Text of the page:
"Unnh!" the lord grunted. "Is that so? And who might you be to tell me what is and what is not my concern?"

"Just hand him over!" the wolf man snarled, all politeness gone. As he stepped forward, I knew suddenly that the lord was not going to hand me over. With one neat movement he twisted me behind his back and let go of me. I heard for the second time in my life the hiss of the warrior's sword as it is brought to life. The wolf man drew out a knife. The other two had poles. The lord raised the sword with both hands, sidestepped under one of the poles, lopped off the head of the man holding it, came back at the wolf man, and took off the right arm, still holding the knife.

It happened in a moment, yet took an eternity. It happened in the last of the light, in the rain, but when I close my eyes I can still see every detail.

The headless body fell with a thud and a gush of blood, the head rolling down the slope. The third man dropped his stick and ran backwards, calling for help. The wolf man was on his knees, trying to stanch the blood from the stump at his elbow. He did not groan or speak.

The lord wiped the sword and returned it to its sheath in his belt. "Come on," he said to me.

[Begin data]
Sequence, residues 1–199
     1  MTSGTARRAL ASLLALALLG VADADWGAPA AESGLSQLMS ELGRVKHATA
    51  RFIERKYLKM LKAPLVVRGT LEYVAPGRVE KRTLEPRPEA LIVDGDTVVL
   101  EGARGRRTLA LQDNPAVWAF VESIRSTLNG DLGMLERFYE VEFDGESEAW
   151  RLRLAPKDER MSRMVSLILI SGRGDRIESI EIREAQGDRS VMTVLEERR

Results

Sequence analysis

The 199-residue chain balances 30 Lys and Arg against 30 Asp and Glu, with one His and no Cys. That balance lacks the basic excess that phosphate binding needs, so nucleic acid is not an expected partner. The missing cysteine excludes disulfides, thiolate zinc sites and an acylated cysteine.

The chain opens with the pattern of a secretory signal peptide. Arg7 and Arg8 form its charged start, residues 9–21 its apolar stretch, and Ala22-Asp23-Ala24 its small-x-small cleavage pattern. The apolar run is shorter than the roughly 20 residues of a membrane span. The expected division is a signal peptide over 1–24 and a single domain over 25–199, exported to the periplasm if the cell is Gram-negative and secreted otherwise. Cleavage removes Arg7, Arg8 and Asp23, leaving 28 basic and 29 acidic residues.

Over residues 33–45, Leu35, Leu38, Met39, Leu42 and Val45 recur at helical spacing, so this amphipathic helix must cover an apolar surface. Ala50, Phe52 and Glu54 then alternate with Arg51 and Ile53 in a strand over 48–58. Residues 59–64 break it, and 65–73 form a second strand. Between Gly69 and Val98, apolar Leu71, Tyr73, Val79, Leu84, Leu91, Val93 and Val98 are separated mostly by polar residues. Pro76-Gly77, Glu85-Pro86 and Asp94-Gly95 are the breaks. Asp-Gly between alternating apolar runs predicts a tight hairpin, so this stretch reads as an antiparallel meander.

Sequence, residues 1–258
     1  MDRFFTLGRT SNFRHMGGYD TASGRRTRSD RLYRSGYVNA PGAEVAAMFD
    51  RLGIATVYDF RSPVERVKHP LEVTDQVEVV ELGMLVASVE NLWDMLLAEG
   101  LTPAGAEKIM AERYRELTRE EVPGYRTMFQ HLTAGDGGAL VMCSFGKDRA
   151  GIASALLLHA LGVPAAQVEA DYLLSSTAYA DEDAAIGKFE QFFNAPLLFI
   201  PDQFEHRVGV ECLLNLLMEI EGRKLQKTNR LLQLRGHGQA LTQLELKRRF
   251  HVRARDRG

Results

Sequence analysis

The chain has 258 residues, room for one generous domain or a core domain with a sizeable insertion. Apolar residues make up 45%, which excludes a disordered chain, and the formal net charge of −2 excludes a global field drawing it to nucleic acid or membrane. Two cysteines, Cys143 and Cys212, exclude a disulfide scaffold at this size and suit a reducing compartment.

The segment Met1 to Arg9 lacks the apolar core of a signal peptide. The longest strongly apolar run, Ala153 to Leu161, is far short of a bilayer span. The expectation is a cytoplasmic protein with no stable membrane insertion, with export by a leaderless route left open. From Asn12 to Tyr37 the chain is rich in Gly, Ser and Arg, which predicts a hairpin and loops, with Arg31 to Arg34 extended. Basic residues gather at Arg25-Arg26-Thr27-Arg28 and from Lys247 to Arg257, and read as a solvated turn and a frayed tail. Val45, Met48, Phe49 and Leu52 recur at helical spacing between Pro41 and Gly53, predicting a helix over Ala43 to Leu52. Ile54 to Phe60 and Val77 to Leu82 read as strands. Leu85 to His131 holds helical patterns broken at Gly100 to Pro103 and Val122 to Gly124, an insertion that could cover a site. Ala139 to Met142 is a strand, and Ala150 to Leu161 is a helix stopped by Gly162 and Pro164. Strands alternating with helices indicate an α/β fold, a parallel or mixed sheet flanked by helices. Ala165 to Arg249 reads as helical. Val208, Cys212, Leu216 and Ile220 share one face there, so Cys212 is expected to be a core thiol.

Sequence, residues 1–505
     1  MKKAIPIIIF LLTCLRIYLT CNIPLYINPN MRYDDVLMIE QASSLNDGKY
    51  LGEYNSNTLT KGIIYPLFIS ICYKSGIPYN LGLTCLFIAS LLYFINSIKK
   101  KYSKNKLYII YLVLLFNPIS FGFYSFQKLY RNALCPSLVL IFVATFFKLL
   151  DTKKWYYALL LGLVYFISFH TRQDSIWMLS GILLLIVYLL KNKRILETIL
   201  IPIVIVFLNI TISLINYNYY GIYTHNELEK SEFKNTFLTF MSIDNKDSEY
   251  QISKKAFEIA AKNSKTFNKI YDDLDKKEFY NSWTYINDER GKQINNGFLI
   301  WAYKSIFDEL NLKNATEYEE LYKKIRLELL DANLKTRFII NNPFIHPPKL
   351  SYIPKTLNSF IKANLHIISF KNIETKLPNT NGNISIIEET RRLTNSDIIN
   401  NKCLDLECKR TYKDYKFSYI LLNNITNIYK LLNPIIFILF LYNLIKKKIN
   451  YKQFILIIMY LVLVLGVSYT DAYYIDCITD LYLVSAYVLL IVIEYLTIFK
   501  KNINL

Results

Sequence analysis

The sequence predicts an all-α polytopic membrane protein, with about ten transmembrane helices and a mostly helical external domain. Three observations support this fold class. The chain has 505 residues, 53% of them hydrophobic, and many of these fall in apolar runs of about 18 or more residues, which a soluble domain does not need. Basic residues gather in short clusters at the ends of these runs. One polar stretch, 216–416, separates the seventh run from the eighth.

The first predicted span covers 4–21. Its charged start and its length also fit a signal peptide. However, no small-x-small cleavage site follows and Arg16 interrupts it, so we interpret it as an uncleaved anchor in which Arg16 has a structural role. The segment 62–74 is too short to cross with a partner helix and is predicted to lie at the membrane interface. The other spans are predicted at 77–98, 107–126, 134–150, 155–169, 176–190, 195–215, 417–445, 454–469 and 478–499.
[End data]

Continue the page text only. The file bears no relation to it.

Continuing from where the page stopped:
I stood shaking, unable to move. This man had appeared from nowhere. He had killed in front of my eyes to save my life. I dropped to the ground before him, trying to find the words to thank him.

"Get up," he said. "The rest of them will be after us in a moment."

"I can't leave," I managed to say. "I must find my mother."

"Not now. Now is the time for us to run!" He pulled me to my feet, and began to hurry me up the slope.

"What happened down there?"

"They burned the village and killed..." The memory of my stepfather came back to me and I could not go on.


"Yes," I whispered.

"It's happening all over the province. Iida is stirring up hatred against them everywhere. I suppose you're one of them?"

"Yes." I was shivering. Although it was still late summer and the rain was warm, I had never felt so cold. "But that wasn't only why they were after me. I caused Lord Iida to fall from his horse."

To my amazement the lord began to snort with laughter. "That would have been worth seeing! But it places you doubly in danger. It's an insult he'll have to wipe out. Still, you are under my protection now. I won't let Iida take you from me."

"You saved my life," I said. "It belongs to you from this day on."

For some reason that made him laugh again. "We have a long walk, on empty stomachs and with wet garments. We must be over the range before daybreak, when they will come after us." He strode off at great speed, and I ran after him, willing my legs not to shake, my teeth not to chatter. I didn't even know his name, but I wanted him to be proud of me, never to regret that he had saved my life.

"I am Otori Shigeru," he said as we began the climb to the pass. "Of the Otori clan, from Hagi. But while I'm on the road I don't use that name, so don't you use it either."